I Need Out…Now

One of the most challenging scenarios a doctor can find themselves in is wanting to be out of dentistry quickly. I’ve had doctors share with me that they are burned out.  They just want to be done, but are not sure of their exit options.  If you’re in a panic, that’s OK! You just have to refocus and get dedicated to the process of getting the practice ready to sell. It’s very doable! In fact, if you’re committed, you can double your practice in 18 months with the help of a good business development coach.

For doctors who are very close to retirement or need a quick out for health reasons, I usually tell them we can’t come in, wave a magic wand and make this better. But we can help them reach the goals they want and set a strategy if they are super committed to the process. They must work hard to make the changes happen. Having their team on board is an absolute must because if they aren’t, it’s going to be a much, much slower process. So, yes, you can double your practice in 18 months and sell, but you must be 100% dedicated to making that happen.

It’s kind of like training for a marathon. If you find a training schedule and stick with it, race day will be much more predictable. If you only train a little here and a little there- guess what- race day may be incredibly tough.  Same with losing weight or training to climb mountains. Whatever it is, whatever you set your goal on, if you’re committed to it, you’re going to reach it faster when you commit to the process.  When a business coach makes a suggestion based on your goals and you choose not to implement that suggestion, it will be difficult to get it done in the time line you set. You’ve got to be open to changing some things and then actually do it. Especially if you want to achieve aggressive goals.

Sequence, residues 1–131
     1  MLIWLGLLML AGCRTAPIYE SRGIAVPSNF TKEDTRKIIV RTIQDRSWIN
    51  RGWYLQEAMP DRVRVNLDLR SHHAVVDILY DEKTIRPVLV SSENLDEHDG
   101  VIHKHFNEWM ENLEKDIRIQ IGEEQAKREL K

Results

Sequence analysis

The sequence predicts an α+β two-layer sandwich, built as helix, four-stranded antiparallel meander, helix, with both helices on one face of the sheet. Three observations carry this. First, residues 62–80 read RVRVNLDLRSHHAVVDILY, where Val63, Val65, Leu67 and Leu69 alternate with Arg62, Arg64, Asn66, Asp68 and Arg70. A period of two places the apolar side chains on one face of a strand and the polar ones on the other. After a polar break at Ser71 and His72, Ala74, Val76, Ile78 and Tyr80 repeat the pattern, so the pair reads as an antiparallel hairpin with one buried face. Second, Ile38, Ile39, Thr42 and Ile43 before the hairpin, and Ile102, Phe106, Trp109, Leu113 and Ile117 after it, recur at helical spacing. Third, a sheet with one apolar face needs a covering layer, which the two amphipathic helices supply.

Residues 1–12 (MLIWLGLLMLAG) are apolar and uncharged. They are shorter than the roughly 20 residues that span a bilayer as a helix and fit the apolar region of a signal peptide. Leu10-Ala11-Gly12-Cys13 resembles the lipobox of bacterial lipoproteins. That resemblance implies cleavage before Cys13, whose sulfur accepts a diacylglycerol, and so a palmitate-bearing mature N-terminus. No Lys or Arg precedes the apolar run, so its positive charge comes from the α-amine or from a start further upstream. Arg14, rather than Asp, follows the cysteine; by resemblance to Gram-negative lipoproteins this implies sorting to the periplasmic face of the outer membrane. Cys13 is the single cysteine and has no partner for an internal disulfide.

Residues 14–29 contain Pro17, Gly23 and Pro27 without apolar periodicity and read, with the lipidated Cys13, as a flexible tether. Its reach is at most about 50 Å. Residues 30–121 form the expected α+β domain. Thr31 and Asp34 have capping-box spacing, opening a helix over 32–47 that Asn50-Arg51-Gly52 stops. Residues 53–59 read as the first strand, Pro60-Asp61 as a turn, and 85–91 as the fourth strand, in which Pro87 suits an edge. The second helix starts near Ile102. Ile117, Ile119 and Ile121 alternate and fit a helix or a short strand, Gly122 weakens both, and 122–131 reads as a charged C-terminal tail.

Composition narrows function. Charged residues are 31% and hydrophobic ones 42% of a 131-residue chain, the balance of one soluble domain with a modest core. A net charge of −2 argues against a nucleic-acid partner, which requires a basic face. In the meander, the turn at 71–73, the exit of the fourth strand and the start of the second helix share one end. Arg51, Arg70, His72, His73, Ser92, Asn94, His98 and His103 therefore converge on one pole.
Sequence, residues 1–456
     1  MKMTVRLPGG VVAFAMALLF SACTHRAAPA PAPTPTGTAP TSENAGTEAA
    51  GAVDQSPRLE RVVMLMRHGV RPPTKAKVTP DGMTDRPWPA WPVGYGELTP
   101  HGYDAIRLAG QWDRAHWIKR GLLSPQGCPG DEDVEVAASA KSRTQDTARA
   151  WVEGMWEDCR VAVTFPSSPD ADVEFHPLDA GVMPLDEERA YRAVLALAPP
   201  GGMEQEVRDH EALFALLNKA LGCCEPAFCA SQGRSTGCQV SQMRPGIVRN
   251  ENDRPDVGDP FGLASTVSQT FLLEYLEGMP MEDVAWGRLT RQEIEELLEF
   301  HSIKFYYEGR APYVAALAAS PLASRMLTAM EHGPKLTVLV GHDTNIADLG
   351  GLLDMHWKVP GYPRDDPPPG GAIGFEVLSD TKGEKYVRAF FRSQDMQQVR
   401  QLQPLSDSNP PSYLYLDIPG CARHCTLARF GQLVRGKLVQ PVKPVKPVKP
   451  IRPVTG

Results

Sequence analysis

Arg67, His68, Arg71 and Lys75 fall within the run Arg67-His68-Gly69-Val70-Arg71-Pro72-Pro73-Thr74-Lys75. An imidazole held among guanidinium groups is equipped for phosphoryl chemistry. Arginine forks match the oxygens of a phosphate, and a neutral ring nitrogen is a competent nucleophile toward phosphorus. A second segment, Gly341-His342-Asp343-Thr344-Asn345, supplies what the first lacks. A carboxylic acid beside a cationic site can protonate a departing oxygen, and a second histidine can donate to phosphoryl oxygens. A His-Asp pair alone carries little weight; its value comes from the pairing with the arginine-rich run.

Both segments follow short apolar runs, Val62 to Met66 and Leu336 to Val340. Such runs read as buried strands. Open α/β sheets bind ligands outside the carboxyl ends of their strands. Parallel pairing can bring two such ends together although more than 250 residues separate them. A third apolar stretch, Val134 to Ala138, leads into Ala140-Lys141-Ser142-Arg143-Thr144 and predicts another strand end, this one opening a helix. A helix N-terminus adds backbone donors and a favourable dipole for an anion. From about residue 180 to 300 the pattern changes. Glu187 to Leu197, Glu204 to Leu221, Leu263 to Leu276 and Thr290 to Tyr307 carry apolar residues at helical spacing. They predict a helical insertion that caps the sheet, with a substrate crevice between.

A Plan for the Future

If you walk away from this article with anything, I would hope it would be the understanding that you need to start planning for retirement 7-10 years before you’re ready to walk out of your practice for the last time. The more time you give yourself, the fewer stress points you’ll have and the easier and more enjoyable you’ll make your last years in practice. But I also hope that if you’re close to retirement you know that there is hope for you getting your numbers up if you’re willing to put in the effort.

Whatever your goals are – fully retire, work one to two days per week, etc. – call on a Productive Dentist Academy Business Development Coach. We can help you achieve your specific goals so you have the retirement you want, while having the peace of mind that you are leaving the practice you worked so hard to build thriving in the hands of the next generation.

As I mentioned at the beginning of this article, many dentists who are in late-career are burned out or unsure of their next steps. Partner with a business coach to help you run numbers, make a plan, find the right people, and set yourself up for an easy transition. Fill out the form below to request your Complimentary Practice Discovery and see how a PDA Business Coach can help you accomplish your goals.